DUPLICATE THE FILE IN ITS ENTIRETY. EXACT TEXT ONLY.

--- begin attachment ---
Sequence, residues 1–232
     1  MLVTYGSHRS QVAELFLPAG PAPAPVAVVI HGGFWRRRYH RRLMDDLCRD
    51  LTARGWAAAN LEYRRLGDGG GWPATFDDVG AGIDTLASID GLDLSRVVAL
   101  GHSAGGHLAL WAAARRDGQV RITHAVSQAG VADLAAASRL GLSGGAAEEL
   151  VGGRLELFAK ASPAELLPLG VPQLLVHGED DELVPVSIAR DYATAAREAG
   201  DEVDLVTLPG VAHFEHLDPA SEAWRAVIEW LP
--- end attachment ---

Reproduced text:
Sequence, residues 1–232
     1  MLVTYGSHRS QVAELFLPAG PAPAPVAVVI HGGFWRRRYH RRLMDDLCRD
    51  LTARGWAAAN LEYRRLGDGG GWPATFDDVG AGIDTLASID GLDLSRVVAL
   101  GHSAGGHLAL WAAARRDGQV RITHAVSQAG VADLAAASRL GLSGGAAEEL
   151  VGGRLELFAK ASPAELLPLG VPQLLVHGED DELVPVSIAR DYATAAREAG
   201  DEVDLVTLPG VAHFEHLDPA SEAWRAVIEW LP